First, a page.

The Swedish software wizard has done it again this year! Present on a lot of Prolight+Sound stands this spring (ADB, Avolites, ETC, WholeHog…), Capture was THE lighting visualizer this year.
We met Vasilis Ziogas there, who recently joined this company, and he introduced to us the 2019 version of Capture, available since end of March. This new a très récemment rejoint la société nordique et nous a présenté la version 2019 de Capture, sortie le 26 mars. Cette new iteration is the culmination of a year of development.
A second display organisation for the 4 basic windows plus 6 independant ones.
The beginnings of the new rendering core engine appeared in the 2018 version. We then went from open GL on all OS to Direct X on Windows and Metal on Max OS. Along the various updates being made, improvements were put in place until one last big change in the 2019 release, allowing the operator to work faster. The interface shows a new organization of the main workspace with 6 independent windows.
The GUI interface is compatible with OSX’ Dark Mode.
For a quick and permanent access to the essential, they keep the tabs Selected Item, Layers, Filters, Materials, Fixtures and Universes. All elements of the interface are now memorized when they are closed in order to be reopened in the exact same configuration.
The management interface of the projectors in the Live window has been completely overhauled. Fixtures control without console, nicely simplified, is now more visual, much more practical and suitable for projectors using a large number of parameters.
The new interface to control the selected fixtures.
The Fixture Controllers in the Live view is simpler and faster, thanks to the new tools.
One will visualize much better each element of each parameter (color weel, gobo wheel…) and the Pan/Tilt control using two distinct faders.
Very practical tools such as partial or total reset of the projectors or the transparency level of the interface have been added.
More colors and more details to make the presentation clearer.
The elements import from the library has been improved. You can directly visualize in the windows in wireframe mode the what you insert into the drawing, and you can directly link together the truss elements or hang the projectors to the truss, without having to lay down the object into the drawing first.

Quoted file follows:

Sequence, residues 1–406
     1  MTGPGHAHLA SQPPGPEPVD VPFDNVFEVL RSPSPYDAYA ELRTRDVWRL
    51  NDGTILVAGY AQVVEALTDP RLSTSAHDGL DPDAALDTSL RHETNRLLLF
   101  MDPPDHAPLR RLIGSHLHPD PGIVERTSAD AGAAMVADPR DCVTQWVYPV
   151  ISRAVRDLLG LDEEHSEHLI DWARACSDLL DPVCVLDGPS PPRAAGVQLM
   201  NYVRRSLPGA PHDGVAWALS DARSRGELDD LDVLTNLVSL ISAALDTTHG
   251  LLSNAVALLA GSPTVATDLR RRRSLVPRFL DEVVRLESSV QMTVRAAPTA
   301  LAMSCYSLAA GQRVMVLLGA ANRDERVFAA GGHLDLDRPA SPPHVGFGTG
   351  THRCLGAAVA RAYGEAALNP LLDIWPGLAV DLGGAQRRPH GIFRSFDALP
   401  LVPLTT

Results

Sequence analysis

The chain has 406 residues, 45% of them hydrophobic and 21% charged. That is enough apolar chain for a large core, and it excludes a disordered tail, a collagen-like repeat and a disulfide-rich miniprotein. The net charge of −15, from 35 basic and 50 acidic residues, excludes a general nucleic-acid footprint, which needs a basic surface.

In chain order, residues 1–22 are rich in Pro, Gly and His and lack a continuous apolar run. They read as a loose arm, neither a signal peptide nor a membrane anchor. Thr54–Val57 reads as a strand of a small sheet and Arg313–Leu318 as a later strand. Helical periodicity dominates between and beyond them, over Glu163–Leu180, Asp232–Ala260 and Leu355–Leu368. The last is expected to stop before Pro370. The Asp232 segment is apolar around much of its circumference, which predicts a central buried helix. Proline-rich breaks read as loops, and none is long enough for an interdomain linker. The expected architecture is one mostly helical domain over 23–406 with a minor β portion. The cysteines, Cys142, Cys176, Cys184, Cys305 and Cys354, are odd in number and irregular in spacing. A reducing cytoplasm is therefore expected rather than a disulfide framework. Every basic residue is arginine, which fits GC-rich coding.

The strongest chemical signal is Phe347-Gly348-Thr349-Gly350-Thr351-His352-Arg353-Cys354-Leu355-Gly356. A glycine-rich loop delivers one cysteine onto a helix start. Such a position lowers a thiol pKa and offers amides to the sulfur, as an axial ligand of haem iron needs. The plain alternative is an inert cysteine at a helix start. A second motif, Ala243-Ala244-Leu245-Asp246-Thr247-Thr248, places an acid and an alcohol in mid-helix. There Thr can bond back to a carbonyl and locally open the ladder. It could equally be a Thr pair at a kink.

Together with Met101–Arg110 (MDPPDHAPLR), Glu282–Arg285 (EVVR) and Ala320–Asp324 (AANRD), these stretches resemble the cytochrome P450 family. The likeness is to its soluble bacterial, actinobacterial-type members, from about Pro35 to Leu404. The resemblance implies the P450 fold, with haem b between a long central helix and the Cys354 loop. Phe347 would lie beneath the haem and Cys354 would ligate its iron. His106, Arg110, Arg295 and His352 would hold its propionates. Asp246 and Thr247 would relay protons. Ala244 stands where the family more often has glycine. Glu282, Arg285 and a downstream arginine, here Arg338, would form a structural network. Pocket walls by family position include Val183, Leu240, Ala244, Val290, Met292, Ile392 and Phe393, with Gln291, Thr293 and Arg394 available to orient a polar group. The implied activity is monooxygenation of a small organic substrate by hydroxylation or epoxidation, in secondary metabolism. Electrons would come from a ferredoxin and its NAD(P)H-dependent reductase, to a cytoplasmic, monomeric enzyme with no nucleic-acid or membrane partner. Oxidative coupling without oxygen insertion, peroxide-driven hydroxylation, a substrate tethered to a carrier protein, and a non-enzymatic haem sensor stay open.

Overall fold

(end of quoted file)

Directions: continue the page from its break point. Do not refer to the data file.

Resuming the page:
You can now visualize all the elements when you insert them into the drawing.
The Mapping part has not been left behind. You visualize the truss height and you can change the color of the text for each layer. The measurement tools have been improved as well as the Report window.
To end up this not restricted list of new features, let’s notice that the visualisation part also has a say in the general picture. To start with, the speed of use has been multiplied by 2 to 3, depending on the hardwares’ configurations. A white balance has been added, too, and the deactivation of one or more layers improves the rendering. The visualisation of the Strobe functions has been reworked and the colors and intensity of incandescent sources have been corrected.
You can adjust the white balance of each camera.
Capture carries on surely and without skipping any step. Many major brands are not mistaken and good news for the Swedish brand should be formalized soon. 2019 should be, for Lars Wernlund (technical director, creator of Capture) and his team, an important year.
Hugely successful Australian burlesque Star Wars parody “The Empire Strips Back” has just completed its most extensive North American tour to date, also visiting Canada for the first time, complete with a suitably boisterous lightshow designed by Peter Rubie, featuring 30 x Robe Spiider LED wash beams as the core moving light fixtures.
Photo Peter Rubie
The show has stormed its way into intergalactic reviews and delighted audiences since it launched at the Vanguard Theatre in Sydney in 2011. A colourful, highly visual action-packed performance offering up an array of elaborate body costumes including alien creatures, a fully robotic remote controlled R2-D2 and a life-size Jabba the Hutt operated by four puppeteers.
Peter has been involved with the show for the last four years, taking over from original lighting designer Ross Graham. Since then, it has evolved into the performance spectacle it is today including brand new acts and songs, and in 2018, a complete refresh of the lighting rig!
Photo Peter Rubie
It was at this stage that Peter decided to use Robe’s latest generation Spiider – a fixture known for its power, smooth colour mixing and fantastic range of hues.
Peter wanted Spiiders in the rig to help add some of the theatrical detail needed – in addition to all the big beamy rock ‘n’ roll style colour and movement cues. They are positioned on a 5 high by 6 wide staggered grid above the stage which also has a wall effect from the front, a powerful look that Ross created when the show first started touring.
“The Spiider has a beautiful quality of light at the right brightness” he commented, adding that while they can do all the rich bold saturates that are fundamental to the primary style and vibe of the show, they can also produce all the pastel shades and subtleties needed. The Spiiders also opened up a range of other possibilities whilst still being able to reproduce the original looks “minus the LED ‘smarties’” by turning off the outer ring of LEDs and zooming right down to a tight 4 degree beam.
This is great for the rock and pop numbers, with the advantage that the fixtures can also cover the entire stage for more scenic moments. Flashy-trashy-fun moments abound explained Peter, including a mash-up dance-off between Han Solo and Chewbacca, a scene where the Spiiders excel themselves and he maximises the front lens pixel macros to create multiple fun looks. Talking about the Spiider’s flower effect, Peter feels it’s essentially like having another light in the rig.